• centralized systems;
  • distributed systems.

Centralized emergency systems ensure to feed all the utilities of a plant from a single point, while the distributed systems are located in all the plant. A system with a high degree of distribution has a source of emergency power supply dedicated to each user.

From these definitions we can draw two extreme cases:

  • light systems powered by normal electrical distribution but with own energy storages;
  • light systems with a single centralized power source (UPS or rescuer) connected to a low voltage plant, which powers in continuity all the points of use.

Further these two extreme positions, there are a number of possible alternative solutions with different degrees of centralization/distribution systems of electric power relative to the users.

The main advantage of the distribution system with its own energy reserve derives directly from the distribution. The systems are less sensitive to possible failures or openings of protections that may occur in the electrical system. In addition, installation is particularly easy and flexible, but the maintenance and control of the efficiency is particularly expensive.

Until now, for systems installed in danger areas for the presence of a potentially explosive atmosphere, was usually adopted the distributed system. Lighting fixtures, with its own independent UPS, composed of inverters and batteries mounted in the same enclosure (usually with ‘Ex d’ protection), were installed at defined points of the plant, so that to ensure lighting in case of black out.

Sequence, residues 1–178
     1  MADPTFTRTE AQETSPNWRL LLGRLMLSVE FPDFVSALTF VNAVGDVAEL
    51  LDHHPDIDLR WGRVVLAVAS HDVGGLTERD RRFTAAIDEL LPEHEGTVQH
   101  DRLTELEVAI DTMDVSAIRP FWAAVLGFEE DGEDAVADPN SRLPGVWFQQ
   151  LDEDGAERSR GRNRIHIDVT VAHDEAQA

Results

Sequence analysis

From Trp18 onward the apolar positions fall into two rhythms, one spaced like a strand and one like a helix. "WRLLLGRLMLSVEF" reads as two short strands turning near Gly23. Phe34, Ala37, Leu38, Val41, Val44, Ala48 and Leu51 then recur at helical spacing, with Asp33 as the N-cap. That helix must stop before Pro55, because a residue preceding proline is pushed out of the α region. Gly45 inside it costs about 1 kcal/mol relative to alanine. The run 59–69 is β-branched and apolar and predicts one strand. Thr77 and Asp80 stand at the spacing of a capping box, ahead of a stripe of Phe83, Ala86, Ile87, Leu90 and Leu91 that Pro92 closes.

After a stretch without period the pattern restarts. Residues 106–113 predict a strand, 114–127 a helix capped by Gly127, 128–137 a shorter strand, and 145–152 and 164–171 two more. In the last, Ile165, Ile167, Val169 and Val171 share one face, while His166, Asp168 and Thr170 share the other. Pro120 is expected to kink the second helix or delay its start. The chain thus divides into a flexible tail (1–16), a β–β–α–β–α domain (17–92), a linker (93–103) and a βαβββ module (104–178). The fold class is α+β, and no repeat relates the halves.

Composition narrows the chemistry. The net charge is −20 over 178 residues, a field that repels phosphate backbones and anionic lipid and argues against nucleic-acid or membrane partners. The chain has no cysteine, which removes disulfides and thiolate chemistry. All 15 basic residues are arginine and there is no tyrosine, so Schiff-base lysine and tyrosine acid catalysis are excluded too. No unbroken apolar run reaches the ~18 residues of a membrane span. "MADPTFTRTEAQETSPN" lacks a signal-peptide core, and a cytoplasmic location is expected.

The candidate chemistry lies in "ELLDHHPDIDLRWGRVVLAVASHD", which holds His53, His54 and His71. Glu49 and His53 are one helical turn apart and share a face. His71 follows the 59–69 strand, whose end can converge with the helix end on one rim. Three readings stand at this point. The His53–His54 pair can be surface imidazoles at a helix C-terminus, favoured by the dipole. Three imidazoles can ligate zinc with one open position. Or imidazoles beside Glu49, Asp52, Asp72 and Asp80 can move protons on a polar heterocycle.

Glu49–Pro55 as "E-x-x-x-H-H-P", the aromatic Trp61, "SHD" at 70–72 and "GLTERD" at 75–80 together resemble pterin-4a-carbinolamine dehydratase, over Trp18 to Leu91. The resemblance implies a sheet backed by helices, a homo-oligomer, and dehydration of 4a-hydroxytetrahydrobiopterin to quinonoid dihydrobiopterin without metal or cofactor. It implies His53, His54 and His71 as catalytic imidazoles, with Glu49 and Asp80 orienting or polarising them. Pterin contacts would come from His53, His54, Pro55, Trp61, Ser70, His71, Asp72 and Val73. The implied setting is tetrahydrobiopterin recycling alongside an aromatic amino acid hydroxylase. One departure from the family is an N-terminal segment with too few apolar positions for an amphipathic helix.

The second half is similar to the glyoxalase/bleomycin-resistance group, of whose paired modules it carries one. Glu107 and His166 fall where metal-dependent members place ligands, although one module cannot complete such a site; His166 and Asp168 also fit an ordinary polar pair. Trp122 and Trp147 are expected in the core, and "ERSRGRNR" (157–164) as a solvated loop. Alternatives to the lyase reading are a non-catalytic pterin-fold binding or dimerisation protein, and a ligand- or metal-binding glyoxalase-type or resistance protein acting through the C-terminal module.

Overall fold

This distributed system has the advantage of not requiring a specific line of power supply, but the enormous disadvantage of having very expensive light points: the maintenance costs of the individual inverters and, especially, of the power batteries are very high.

It should be held in account also the great difficulty of designing a safe inverter/battery system that must be mounted in a flameproof enclosure, which must not be itself, a possible source of gas emission.

4) The technological innovations for Ex areas: the LED technology

The use of LED technology applied to explosion-proof lighting fixtures allows today to design systems with lighting fixtures supplied at low voltage (24 V - 48 V).

In this case, it’s possible to design centralized emergency lighting systems with a UPS positioned in Safe Area and one or more low voltage power supply lines which feed the individual lighting fixtures positioned in classified areas.

This system avoids all the maintenance costs of the lighting fixtures located along the system, which will be virtually eternal thanks to the useful life of LED lamps and thanks to the fact that a emergency lighting fixtures is used for a few hours or for a few minutes in a year.

The maintenance will focus on the central UPS, which, situated in safe area, will not present particular problems.

The standards to be referred to in this case will be the following:

  • EN 50091-1-1 "General safety requirements for UPS in operator access";
  • EN 50091-1-2 "General safety requirements for UPS in restricted areas";
  • IEC 50171 "Centralized power systems".